By Growth Energy Senior Vice President of Global Markets Craig Willis

The global ethanol export outlook for 2018 ended on a high note – setting a record for the highest 12-month export period in history – and the initial export numbers from 2019 indicate that the success of the past year will continue. With 2019 exports reported at 127.9 million gallons to date, the year is starting off with the highest ever exports for the month and a record 12-month export period at 1.74 billion gallons. This is despite ongoing trade tensions and barriers in major markets and stands testament to the continuing growth in ethanol’s popularity as a tool for countries to reach their economic and climate goals. Initial 2019 ethanol export numbers indicate that large markets have retained their consistency, while smaller and burgeoning markets have shown promise for growth in the long-term.

Large Markets Stay Consistent

Brazil and Canada will, without doubt, remain top export destinations over the coming years, as well as a stable source for American producers. Brazil reported 38 million gallons, while Canada reported 19 million gallons, with both nations adding up to an overall decrease of 10 percent – or 6.9 million gallons – in exports from Dec. 2018 to Jan. 2019. Despite the decrease, these large markets remain consistent overall. Analysts should, however, expect a downturn in 12-month rolling exports for Feb. and March as we begin to feel the effects of ongoing trade tensions in larger untapped markets, like China.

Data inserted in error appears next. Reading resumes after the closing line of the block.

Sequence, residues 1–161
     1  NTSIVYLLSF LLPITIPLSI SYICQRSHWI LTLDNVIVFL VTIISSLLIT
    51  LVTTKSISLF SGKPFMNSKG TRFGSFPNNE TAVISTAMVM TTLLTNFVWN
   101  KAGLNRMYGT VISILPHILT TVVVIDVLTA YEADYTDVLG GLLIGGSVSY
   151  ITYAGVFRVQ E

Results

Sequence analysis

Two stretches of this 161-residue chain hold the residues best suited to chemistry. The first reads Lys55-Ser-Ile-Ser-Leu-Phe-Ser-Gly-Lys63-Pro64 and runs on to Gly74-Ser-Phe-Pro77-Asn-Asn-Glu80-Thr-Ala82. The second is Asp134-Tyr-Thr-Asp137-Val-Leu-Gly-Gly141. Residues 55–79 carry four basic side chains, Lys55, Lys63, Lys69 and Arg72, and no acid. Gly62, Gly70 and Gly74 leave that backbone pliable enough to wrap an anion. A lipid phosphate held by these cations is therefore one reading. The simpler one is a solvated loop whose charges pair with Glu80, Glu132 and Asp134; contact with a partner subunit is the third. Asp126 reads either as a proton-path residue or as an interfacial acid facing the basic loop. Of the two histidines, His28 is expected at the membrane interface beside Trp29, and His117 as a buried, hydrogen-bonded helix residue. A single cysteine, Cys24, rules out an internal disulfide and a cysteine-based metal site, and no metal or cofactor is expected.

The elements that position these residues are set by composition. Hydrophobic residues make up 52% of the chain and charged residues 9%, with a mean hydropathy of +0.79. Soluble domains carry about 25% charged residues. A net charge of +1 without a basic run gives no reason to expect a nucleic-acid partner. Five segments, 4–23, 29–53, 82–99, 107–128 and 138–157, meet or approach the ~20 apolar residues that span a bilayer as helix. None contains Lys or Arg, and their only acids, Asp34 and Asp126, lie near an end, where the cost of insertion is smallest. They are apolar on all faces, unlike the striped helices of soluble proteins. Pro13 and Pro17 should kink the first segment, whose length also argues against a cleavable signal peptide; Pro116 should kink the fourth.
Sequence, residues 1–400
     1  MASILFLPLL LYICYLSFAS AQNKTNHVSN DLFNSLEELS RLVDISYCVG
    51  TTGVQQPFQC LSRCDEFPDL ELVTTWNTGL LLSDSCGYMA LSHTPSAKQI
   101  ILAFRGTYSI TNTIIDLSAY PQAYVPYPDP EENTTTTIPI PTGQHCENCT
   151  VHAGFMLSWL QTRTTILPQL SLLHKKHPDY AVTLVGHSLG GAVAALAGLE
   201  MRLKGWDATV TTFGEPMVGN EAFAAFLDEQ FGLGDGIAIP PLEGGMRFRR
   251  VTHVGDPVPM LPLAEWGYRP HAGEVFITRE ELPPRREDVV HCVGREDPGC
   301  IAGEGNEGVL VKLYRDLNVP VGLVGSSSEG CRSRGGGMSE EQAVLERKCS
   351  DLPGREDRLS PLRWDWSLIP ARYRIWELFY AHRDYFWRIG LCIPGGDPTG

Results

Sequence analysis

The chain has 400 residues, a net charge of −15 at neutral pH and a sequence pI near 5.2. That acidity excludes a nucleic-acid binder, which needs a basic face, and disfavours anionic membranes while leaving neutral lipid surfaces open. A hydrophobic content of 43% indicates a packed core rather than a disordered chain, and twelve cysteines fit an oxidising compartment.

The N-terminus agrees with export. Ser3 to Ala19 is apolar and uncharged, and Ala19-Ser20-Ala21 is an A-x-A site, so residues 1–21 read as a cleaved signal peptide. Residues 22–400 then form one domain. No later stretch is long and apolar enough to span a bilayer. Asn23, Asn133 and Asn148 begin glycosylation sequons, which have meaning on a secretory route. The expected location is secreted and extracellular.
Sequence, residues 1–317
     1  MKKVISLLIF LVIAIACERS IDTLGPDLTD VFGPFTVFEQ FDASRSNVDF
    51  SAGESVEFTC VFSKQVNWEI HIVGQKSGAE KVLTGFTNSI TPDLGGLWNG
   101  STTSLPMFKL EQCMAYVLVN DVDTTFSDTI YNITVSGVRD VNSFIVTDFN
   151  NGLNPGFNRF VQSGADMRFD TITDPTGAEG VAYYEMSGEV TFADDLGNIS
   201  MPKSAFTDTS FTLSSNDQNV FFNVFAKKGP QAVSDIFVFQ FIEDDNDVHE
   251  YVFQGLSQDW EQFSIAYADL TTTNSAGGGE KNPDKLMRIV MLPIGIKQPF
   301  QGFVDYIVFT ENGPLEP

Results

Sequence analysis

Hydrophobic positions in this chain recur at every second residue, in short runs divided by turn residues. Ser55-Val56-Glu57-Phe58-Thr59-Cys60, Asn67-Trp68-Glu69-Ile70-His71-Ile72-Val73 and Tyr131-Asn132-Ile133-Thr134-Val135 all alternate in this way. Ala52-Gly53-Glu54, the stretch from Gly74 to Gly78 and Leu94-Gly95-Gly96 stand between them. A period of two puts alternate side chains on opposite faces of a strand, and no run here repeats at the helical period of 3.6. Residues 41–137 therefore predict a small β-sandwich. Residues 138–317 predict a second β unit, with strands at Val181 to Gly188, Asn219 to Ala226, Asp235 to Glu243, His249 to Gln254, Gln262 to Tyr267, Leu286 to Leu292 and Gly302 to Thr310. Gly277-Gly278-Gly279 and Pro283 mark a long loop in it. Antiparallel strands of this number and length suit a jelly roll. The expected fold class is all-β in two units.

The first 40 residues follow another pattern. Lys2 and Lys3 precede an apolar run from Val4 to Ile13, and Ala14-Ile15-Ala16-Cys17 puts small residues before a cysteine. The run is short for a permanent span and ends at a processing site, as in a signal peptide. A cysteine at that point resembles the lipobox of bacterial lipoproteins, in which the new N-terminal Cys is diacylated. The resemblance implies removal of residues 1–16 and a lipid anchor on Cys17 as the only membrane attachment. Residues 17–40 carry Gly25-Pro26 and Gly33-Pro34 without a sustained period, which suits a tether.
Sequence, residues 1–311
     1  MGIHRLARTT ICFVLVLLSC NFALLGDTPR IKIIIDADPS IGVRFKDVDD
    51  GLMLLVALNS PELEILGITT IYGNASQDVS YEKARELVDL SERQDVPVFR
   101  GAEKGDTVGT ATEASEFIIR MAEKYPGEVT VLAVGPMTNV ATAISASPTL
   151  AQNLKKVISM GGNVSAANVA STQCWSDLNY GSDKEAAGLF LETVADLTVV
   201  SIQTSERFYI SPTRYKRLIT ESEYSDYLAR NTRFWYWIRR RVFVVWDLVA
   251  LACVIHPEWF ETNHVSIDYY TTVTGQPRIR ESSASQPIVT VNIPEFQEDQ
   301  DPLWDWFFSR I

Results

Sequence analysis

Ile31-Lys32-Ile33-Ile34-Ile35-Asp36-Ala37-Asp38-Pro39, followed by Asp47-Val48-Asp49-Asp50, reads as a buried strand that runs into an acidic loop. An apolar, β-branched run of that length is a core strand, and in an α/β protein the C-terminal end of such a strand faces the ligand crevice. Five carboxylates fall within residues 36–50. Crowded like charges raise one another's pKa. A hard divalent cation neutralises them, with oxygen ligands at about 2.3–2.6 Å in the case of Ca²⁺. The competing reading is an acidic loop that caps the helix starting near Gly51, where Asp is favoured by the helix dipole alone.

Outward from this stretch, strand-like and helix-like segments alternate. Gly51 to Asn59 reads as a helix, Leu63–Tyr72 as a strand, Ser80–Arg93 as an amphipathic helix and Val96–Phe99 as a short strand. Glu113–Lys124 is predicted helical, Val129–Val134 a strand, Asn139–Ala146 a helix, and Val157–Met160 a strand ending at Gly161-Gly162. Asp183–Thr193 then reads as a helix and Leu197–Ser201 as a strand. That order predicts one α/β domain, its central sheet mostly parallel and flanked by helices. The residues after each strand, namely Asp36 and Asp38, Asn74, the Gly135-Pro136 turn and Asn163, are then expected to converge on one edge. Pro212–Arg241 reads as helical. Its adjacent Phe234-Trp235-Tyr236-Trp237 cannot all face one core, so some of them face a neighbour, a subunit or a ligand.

Smaller Markets Show Potential for Growth

In the Jan. 2019 FAS report, smaller markets such as India, South Korea, Colombia, and the Philippines, largely saw growth, and these four export destinations saw a 49 percent increase – or 16.2 million gallons – from Dec. 2018 to Jan. 2019. This increase indicates the growth in the relative importance of smaller and newly formed markets in the global ethanol outlook. However, without reducing barriers to trade in larger markets like China, the American ethanol export outlook will remain constrained in reaching its full potential, even with growth in these smaller markets.

As our industry plans for the years ahead, fostering growth in smaller and burgeoning markets and continuing to forge strong trade relations to reduce barriers to trade will be critical to ensuring the long-term health of biofuels worldwide. This effort will not only be necessary for larger and growing markets like China and Mexico, but also for relatively smaller markets like Colombia and the Philippines. Stay tuned for more in the coming months on how Growth Energy is engaging across the globe with our allies and industry stakeholders to ensure a brighter future for biofuels.

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